Your first taste in music and your overall music experience while growing up was probably defined and influenced by your parents’ taste in music. My parents had a huge catalogue of Yoruba music in their rich and different variations; mostly Sakara, Apala, Fuji, and Juju. I mean, an entire section of my dad’s catalogue of Yoruba music is a massive collection of these CDs and Cassettes. I wonder how much they are worth at the moment.
It’s interesting that when I think about the music in this category, I think about them with fondness, when as a child, I would rather listen to something else. It’s only now that I realise how iconic these musicians and their work is. I can’t go back to the car drives with my dad where all he played was fuij and juju music, but thanks to music streaming platforms, I can always re-live some of these moments in my head.
If your parents are anything like mine, you should know these people, and the epic work that they did. I have to confess; the list is made up of my personal favorites — there are scores of others I’m leaving out. Oh, I almost forgot to add. If you were born later than the late 90s, chances are that you missed out on this experience. Sad, I know.
His brand of music was the Sakara genre and he is the GOAT. If you are all about the sweet boy life, then Baba Legba (as he was fondly known) is for you. His music is perfect for an weekend, evening car spin. Increase the volume of your speakers, nod your head to the rhythm, and whistle in sync with the lyrics as if you have no care in the world.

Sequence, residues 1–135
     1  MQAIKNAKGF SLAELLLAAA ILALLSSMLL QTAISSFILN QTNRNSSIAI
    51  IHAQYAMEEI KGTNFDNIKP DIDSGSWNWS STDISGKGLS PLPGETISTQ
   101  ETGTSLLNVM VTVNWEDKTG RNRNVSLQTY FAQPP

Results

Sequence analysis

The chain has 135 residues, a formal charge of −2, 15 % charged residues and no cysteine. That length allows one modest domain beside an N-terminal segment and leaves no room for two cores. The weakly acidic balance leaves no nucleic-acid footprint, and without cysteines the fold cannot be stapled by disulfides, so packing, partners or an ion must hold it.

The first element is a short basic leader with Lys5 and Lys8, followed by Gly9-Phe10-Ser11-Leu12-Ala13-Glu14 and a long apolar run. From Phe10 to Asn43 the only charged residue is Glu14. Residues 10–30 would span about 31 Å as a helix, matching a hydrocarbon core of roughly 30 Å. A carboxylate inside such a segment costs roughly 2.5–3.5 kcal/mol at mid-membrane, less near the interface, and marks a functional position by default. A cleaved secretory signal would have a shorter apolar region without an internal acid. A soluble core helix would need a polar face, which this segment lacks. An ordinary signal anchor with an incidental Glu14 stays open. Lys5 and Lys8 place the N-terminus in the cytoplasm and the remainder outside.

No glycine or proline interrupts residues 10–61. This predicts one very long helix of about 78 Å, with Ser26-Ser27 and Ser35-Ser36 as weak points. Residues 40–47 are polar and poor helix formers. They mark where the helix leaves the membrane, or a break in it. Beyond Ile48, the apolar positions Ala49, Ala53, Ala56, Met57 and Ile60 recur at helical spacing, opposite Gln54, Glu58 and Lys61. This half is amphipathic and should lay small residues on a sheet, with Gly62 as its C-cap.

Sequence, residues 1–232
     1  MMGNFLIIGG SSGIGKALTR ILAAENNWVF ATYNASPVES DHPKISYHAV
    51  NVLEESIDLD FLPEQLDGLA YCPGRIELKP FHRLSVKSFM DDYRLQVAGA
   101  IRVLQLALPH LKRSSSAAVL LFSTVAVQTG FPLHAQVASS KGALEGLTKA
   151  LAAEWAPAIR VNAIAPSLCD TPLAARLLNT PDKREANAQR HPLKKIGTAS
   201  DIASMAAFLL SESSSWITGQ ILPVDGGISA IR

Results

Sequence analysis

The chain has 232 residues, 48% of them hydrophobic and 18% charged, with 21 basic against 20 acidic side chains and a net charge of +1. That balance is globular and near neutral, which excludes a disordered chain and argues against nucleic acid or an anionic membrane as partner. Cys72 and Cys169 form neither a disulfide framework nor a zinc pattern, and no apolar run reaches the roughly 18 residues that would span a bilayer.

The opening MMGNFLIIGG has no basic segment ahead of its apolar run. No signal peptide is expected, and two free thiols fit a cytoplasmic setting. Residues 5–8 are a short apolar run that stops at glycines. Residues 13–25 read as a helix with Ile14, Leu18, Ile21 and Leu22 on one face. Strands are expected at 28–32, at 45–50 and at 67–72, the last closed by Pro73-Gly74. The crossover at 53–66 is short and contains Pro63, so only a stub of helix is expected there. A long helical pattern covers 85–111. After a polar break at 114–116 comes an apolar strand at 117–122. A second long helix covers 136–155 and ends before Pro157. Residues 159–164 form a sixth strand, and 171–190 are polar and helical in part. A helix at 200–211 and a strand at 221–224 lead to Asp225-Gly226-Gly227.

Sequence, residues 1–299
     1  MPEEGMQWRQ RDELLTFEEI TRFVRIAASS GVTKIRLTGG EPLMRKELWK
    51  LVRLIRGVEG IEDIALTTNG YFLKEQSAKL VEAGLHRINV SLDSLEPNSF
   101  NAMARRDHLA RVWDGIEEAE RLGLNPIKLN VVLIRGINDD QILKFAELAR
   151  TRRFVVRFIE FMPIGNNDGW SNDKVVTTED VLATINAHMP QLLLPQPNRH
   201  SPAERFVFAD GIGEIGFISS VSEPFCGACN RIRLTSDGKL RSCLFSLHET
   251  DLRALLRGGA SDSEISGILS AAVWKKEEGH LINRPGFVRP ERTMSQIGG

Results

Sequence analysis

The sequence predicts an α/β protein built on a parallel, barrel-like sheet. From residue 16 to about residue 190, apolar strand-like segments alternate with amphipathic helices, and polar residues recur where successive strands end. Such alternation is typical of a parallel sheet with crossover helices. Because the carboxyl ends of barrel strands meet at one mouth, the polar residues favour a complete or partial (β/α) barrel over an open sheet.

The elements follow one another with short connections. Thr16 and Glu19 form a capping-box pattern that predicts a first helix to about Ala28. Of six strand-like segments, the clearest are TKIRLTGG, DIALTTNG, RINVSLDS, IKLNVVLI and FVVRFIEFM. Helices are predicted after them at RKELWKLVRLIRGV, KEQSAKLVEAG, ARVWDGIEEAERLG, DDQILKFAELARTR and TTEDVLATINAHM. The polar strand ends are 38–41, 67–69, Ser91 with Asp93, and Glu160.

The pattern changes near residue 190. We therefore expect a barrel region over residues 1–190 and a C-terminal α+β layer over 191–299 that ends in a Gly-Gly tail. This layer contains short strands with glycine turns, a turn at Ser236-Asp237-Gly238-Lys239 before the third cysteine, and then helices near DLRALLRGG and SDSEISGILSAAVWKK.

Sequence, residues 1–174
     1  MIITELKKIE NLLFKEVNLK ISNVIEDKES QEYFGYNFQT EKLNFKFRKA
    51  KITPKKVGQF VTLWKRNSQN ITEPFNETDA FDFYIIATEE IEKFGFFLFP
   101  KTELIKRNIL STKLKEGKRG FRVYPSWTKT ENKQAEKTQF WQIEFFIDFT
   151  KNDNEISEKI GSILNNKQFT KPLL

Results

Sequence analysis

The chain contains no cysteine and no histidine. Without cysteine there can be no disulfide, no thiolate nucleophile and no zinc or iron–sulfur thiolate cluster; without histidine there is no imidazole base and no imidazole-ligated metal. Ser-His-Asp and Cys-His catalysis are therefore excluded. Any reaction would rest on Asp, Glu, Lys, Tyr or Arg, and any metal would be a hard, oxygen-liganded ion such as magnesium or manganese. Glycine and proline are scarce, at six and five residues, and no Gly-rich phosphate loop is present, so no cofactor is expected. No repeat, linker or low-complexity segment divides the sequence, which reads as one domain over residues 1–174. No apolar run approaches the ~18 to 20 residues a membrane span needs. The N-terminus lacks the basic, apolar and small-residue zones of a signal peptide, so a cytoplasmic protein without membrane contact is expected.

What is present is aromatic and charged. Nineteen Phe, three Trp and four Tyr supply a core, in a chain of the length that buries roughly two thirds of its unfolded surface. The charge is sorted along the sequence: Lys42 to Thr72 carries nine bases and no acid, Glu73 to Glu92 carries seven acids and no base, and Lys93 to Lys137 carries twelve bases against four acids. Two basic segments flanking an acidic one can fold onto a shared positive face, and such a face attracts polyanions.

Musiliu Haruna Ishola
His father, Haruna Ishola popularized the Apala genre and is considered one of the greatest to run in the Apala game. The genre, however, lost much of its appeal until Musiliu Haruna Ishola came into the fold and spearheaded the resurgence of the genre. His revitalisation attempts gave the genre a new vibe that appealed to the audience of that time. If you have any memory of this guy, his 2000 monster hit, Soyoyo should come to mind. I can’t think of a perfect description for the album, but I know it is the work of a guy marking his territory.
Sikiru Ayinde Barrister (Alhaji Agba)
How can you be Yoruba or Nigerian and claim that you have never heard of the Fuji genre? Fuji is unarguably the most popular traditional Yoruba music in recent times; there are even different variations of it. Everybody keeps trying to add their own touch to it.
There is no way to ever forget the impact of Alhaji Agba, or doubt his relevance within this genre. The man released over 60 glorious albums before he died in 2010. Among the various bodies of work I was exposed to growing up, Fuji Garbage is my personal favorite. It’s music that should have its own dance (the way all music seems to have their own dance today).